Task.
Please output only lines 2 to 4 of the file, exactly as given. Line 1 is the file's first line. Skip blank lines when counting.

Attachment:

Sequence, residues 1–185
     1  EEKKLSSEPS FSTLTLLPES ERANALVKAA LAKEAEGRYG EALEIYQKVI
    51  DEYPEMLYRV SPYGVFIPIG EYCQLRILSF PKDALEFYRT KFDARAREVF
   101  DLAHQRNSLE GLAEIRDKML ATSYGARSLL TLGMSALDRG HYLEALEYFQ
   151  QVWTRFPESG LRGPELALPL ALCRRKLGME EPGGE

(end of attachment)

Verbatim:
     1  EEKKLSSEPS FSTLTLLPES ERANALVKAA LAKEAEGRYG EALEIYQKVI
    51  DEYPEMLYRV SPYGVFIPIG EYCQLRILSF PKDALEFYRT KFDARAREVF
   101  DLAHQRNSLE GLAEIRDKML ATSYGARSLL TLGMSALDRG HYLEALEYFQ